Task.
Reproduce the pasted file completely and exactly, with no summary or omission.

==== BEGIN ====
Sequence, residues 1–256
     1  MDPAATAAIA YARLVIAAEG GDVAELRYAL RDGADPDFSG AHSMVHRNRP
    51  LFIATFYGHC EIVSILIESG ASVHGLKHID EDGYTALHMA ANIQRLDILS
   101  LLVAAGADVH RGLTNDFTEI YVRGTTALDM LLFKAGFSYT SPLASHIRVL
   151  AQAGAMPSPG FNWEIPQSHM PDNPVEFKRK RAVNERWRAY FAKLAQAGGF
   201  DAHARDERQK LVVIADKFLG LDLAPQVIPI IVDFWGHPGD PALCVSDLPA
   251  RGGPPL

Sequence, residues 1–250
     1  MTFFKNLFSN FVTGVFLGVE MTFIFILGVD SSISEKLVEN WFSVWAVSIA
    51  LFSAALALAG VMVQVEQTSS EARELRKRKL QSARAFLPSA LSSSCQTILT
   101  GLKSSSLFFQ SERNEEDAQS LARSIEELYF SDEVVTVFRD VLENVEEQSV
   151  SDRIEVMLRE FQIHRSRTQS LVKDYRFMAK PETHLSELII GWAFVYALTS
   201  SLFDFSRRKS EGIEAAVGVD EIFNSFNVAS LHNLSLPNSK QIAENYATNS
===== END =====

Sequence, residues 1–256
     1  MDPAATAAIA YARLVIAAEG GDVAELRYAL RDGADPDFSG AHSMVHRNRP
    51  LFIATFYGHC EIVSILIESG ASVHGLKHID EDGYTALHMA ANIQRLDILS
   101  LLVAAGADVH RGLTNDFTEI YVRGTTALDM LLFKAGFSYT SPLASHIRVL
   151  AQAGAMPSPG FNWEIPQSHM PDNPVEFKRK RAVNERWRAY FAKLAQAGGF
   201  DAHARDERQK LVVIADKFLG LDLAPQVIPI IVDFWGHPGD PALCVSDLPA
   251  RGGPPL

Sequence, residues 1–250
     1  MTFFKNLFSN FVTGVFLGVE MTFIFILGVD SSISEKLVEN WFSVWAVSIA
    51  LFSAALALAG VMVQVEQTSS EARELRKRKL QSARAFLPSA LSSSCQTILT
   101  GLKSSSLFFQ SERNEEDAQS LARSIEELYF SDEVVTVFRD VLENVEEQSV
   151  SDRIEVMLRE FQIHRSRTQS LVKDYRFMAK PETHLSELII GWAFVYALTS
   201  SLFDFSRRKS EGIEAAVGVD EIFNSFNVAS LHNLSLPNSK QIAENYATNS